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Public Speaking: a fate worse than death?!

Low confidence is a bugger.

It stands in the way of what you want, it eats at you from the inside and prevents you from taking opportunities.

But even the most confident of individuals can fall apart at the prospect of public speaking. So much so, that research indicates more people would rather die than get up and speak in public. That’s nuts!

On a personal level, public speaking has represented both the highs and lows of my life. I’ve done a huge amount of it all over the world, as a presenter, panellist, host and increasingly now via video. I love it and the opportunities it’s brought me. But this wasn’t always the case. Far from it, in fact.

A notable low in my speaking career came in my early 20s.

I was in the midst of a challenging presentation. I was stumbling over my words, my heart was racing, I wasn’t making sense and I was sweating profusely. My audience were clearly agitated.

I needed to get out of there pronto and recollect myself, so I feigned needing the loo. Not the end of the world, you might think..

It was a low point, however, because once I’d legged it out of there, I was too terrified to go back in. I made my excuses to the receptionist and left.

So, what did my audience assume? They assumed, quite naturally, that I’d sh*t myself.

(You know the saying that ‘all publicity is good publicity?’. I respectfully disagree.)

I was so overwhelmed in that meeting that my fight/flight/freeze response took over. I hot-footed it out of there before I’d even had chance to think.

This is what the prospect of public speaking does. It puts our brains on high alert. It makes us feel that ‘all eyes on us’, vulnerability. It engages our nervous system which floods our bodies with stress hormones.

Three things happen:

1) Our inner voice goes crazy. ‘Help!’ we think. ‘I hate this!’ ‘Everyone can see I’m nervous!’

2) Our emotions run away with us – we literally feel the fear.

3) Our bodies start behaving oddly – heart racing. Nervous pacing. Wobbly voice. Shaky hands etc.

And off we go in a downwards confidence spiral as each element negatively fuels the others.

And, if you’re really unfortunate, that response means you’ll forever be known for ‘Shit-Gate’ by your bemused colleagues. I digress..

The fact is anyone – and I mean anyone – can learn to control this response with the right coaching. I did it the hard way, but the fact I did it at all proves it’s possible.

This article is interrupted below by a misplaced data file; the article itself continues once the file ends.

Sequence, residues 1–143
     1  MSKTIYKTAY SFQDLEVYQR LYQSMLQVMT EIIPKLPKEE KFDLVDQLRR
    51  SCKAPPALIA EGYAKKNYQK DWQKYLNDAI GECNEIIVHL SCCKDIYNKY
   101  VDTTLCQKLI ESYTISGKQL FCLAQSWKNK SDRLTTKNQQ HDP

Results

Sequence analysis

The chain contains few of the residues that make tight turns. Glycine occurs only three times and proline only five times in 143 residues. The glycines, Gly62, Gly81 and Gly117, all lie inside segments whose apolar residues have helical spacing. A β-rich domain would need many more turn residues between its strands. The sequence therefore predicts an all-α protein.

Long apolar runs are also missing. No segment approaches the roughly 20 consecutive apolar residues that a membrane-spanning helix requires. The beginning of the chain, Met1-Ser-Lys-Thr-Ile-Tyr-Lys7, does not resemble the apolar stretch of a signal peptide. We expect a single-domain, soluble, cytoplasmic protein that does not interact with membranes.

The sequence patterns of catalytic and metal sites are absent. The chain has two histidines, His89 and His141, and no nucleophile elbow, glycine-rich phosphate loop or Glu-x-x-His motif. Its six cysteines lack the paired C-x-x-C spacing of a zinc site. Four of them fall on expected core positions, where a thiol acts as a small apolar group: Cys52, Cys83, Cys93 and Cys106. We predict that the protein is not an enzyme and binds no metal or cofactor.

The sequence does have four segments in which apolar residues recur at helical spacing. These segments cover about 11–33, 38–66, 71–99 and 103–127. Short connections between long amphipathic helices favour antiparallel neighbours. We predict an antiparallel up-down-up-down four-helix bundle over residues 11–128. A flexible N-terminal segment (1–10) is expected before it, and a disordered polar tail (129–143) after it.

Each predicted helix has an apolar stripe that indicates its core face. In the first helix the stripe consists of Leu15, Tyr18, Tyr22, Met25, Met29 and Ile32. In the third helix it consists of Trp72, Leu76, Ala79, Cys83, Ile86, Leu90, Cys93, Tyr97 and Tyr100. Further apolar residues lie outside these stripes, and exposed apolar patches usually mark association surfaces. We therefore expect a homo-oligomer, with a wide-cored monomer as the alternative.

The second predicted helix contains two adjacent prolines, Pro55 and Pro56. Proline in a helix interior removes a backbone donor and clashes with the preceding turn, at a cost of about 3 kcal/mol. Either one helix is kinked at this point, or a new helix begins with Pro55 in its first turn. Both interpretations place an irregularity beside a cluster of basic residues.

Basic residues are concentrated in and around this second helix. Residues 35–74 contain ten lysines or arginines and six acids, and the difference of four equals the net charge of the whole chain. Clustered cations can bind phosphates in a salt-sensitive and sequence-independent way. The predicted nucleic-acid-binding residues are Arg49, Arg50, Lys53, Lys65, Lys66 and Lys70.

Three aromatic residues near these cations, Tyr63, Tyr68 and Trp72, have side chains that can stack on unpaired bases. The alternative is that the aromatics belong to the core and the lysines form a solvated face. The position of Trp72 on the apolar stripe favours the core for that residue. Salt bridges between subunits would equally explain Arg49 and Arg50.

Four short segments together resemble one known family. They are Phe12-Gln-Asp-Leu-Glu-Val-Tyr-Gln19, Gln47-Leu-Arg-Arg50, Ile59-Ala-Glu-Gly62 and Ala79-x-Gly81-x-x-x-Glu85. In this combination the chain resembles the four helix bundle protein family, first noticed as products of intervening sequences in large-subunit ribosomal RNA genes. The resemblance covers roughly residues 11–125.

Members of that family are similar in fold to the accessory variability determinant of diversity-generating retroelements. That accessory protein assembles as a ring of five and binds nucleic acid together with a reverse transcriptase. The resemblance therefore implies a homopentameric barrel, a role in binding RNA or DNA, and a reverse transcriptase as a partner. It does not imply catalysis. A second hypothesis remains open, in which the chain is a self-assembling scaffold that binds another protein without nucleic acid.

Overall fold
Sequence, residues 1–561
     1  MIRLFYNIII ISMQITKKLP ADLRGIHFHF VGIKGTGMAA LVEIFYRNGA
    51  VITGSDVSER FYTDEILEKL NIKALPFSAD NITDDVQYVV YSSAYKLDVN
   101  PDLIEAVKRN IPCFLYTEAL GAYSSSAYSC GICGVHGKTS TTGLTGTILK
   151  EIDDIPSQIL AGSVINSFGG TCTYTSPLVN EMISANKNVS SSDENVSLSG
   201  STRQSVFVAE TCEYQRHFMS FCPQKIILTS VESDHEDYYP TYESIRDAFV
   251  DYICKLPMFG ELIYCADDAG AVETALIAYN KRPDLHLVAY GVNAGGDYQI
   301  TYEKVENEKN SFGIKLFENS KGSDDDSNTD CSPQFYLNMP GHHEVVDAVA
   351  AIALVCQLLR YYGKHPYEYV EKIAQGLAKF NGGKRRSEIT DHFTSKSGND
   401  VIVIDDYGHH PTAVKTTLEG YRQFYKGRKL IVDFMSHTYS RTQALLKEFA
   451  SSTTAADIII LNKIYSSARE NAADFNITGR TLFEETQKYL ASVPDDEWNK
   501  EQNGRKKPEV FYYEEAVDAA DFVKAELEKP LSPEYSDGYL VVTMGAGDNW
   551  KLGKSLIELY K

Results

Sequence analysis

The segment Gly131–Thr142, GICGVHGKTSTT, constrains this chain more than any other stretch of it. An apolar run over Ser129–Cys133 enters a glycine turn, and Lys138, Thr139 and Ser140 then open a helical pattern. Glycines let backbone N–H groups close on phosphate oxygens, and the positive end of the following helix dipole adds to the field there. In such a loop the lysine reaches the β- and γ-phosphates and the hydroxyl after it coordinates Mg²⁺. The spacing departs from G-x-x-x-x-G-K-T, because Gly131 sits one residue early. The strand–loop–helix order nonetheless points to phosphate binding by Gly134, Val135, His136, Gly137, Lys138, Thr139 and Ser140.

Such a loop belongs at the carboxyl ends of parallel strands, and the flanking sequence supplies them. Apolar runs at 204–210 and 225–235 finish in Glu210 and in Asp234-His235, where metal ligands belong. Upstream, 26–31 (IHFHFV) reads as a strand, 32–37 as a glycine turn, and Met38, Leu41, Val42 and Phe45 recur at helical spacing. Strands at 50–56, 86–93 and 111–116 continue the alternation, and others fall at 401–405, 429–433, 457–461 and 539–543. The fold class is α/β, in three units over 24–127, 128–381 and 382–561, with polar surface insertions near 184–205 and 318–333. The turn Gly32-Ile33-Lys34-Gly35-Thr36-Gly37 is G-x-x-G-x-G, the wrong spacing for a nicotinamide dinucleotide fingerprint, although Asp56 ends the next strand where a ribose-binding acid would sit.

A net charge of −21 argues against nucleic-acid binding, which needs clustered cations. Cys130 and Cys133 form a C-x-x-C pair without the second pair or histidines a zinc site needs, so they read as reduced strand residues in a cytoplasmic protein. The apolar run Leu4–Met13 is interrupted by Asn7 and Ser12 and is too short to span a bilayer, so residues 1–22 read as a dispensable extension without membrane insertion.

But my gripe with most speaking training is two-fold.

Firstly, most of us never receive any (and let’s face it, these are skills we should be learning as kids), and secondly, most training takes the latter part of the triad – our physical response – as the focal point of change.

The reason for this is that, more often than not, speaking training is delivered by actors or stand-ups. These guys are great but there’s a fundamental difference between the likes of me, you (I assume if you’re reading this) and them.

By default, actors and comedians want to put themselves out there.

Of course, they are just as likely to experience nerves as the rest of us, but standing in front of people and talking is ultimately their end-game. It’s therefore only logical that the mindset part of the process takes a back-seat to technique when their craft is focussed on the latter.

And yes, how we look does impact our confidence and there’s definite merit in honing our speaking technique, but there’s far more benefit in tackling mindset first.


Because mindset is the root cause of our problem and many of those physical gripes we have with speaking, such as the ‘erms’, or pacing, or rapid talking, iron themselves out when we feel better on the inside.

It’s like taking your car for a service only to receive a valet. Your car may look the part, but there’s no saying it’s going to get you to where you need to go.

Thankfully, although painful, ‘Shit Gate’ propelled me to this realisation and straight into action.

It drove me to look under the bonnet and work out what was going on. It inspired me to use my background in human behaviour and communication to start helping people with the same issue. And it encouraged me to qualify as an NLP practitioner and coach so I can really empower the women I work with, wherever they are on their confidence journey.

The truth is that the standing-up-and-talking part if just a tiny fraction of the benefits you receive when you finally banish those speaking demons. Inevitably you will learn to:

  • Hold your own in conversation

  • Get comfortable with being the centre of attention

  • Learn to read people accurately

  • Demonstrate your skills, knowledge & authority

  • Put yourself across with passion and conviction.

And who wouldn’t want more of that?

Nicole x

P.S. If you’re interested in working with me either 1-2-1 or in a small group to finally battle those speaking demons, click here to book in a chat.

P.P.S. This is the kind of topic we regularly cover in my fabulous community. Click here to join.

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